Macy’s Thanksgiving Day Parade
Money was flowing like water in the 1920’s and Macy’s Department Store was scooping it up hand over fist. The company went public in 1922 and began buying up competitors throughout the country. However, the flagship store remained in Harold Square in New York City. In 1924, they expanded the Harold Square store to take up an entire city block with a whopping one million square feet of retail space. To celebrate the opening of the “World’s Largest Store”, Macy’s decided to have a parade on Thanksgiving day 1924.
Ironically, the first Macy’s Thanksgiving Day parade was not about Thanksgiving. Instead it was entirely Christmas themed. Macy’s employees dressed as clowns, cowboys and sword wielding knights. Floats drove the six miles from Harold Square to Harlem. Many of the floats were nursery rhyme themed to match the Christmas window display in the Macy’s store. There were also five bands and a traveling menagerie of animals from the Central Park Zoo. And starting a tradition, the end of the parade was brought up by Santa Claus complete with reindeer, sleigh perched on a mountain of snow and ice. When they reached Macy’s, Santa descended from his sleigh and was crowned “King of the Kiddies”. At Santa’s command, the new Macy’s Christmas window was unveiled and he presided over the remaining festivities from a golden throne.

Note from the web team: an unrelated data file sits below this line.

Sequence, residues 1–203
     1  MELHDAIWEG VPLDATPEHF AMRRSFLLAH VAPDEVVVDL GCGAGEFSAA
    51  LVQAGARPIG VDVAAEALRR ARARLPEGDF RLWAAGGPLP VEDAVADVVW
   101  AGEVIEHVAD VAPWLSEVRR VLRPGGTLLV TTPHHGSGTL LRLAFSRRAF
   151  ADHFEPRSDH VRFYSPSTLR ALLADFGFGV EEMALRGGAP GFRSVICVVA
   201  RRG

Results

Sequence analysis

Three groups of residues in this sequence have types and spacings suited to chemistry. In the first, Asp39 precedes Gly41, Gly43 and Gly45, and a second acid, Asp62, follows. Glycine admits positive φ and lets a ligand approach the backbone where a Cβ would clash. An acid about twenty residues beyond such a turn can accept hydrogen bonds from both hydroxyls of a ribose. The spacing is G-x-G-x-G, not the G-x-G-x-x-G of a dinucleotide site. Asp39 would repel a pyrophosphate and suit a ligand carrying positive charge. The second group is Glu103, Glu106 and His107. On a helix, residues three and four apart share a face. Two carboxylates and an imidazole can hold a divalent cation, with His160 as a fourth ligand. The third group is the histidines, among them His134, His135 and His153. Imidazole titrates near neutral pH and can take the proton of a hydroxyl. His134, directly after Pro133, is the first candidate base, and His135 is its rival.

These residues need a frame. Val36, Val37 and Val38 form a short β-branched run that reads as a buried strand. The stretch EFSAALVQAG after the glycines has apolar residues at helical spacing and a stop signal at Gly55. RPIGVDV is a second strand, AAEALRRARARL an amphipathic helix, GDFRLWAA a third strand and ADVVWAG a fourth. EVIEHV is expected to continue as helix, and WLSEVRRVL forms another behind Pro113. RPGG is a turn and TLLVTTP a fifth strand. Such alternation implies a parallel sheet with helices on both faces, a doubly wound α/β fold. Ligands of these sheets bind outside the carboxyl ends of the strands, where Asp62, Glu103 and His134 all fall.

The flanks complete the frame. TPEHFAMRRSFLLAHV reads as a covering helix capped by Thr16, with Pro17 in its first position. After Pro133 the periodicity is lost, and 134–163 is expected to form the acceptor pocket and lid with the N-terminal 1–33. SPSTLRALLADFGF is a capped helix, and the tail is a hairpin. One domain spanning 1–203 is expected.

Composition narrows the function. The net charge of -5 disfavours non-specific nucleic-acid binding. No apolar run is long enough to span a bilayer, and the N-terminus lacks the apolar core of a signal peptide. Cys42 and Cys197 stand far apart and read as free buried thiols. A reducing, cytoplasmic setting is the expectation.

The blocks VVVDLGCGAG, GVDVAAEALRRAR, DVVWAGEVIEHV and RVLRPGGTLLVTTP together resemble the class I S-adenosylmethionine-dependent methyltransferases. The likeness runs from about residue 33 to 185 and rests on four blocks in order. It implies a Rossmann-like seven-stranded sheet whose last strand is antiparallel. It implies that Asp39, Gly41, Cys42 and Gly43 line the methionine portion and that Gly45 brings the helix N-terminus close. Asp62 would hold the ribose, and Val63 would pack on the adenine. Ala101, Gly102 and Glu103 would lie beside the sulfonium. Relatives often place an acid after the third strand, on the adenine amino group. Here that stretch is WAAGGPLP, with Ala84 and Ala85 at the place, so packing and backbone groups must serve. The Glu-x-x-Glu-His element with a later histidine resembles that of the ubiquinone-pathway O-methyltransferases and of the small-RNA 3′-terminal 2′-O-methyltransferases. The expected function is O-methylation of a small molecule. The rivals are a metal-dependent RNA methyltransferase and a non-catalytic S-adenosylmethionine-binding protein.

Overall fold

It was an instant hit as more than 250,000 people crowded the streets to watch the parade. Spectators stood four and five people deep to watch the show. It quickly became a New York City tradition. However, the zoo animals did pose a problem. They were skittish in the crowds and the roars and growls frightened the watching children. In 1927, the zoo animals were replaced by the first large helium balloon. The first balloon was Felix the Cat, designed by Sarg. The balloons were much better tempered than the zoo animals and quickly became the parade’s signature attraction.
Today more than 3.5 million New Yorkers and visitors line the route of the Macy’s Thanksgiving Day Parade. From the comfort of home, 50 million television viewers tune in to watch the holiday pageant of giant character balloons, floats, celebrities and marching bands.
Sources available on request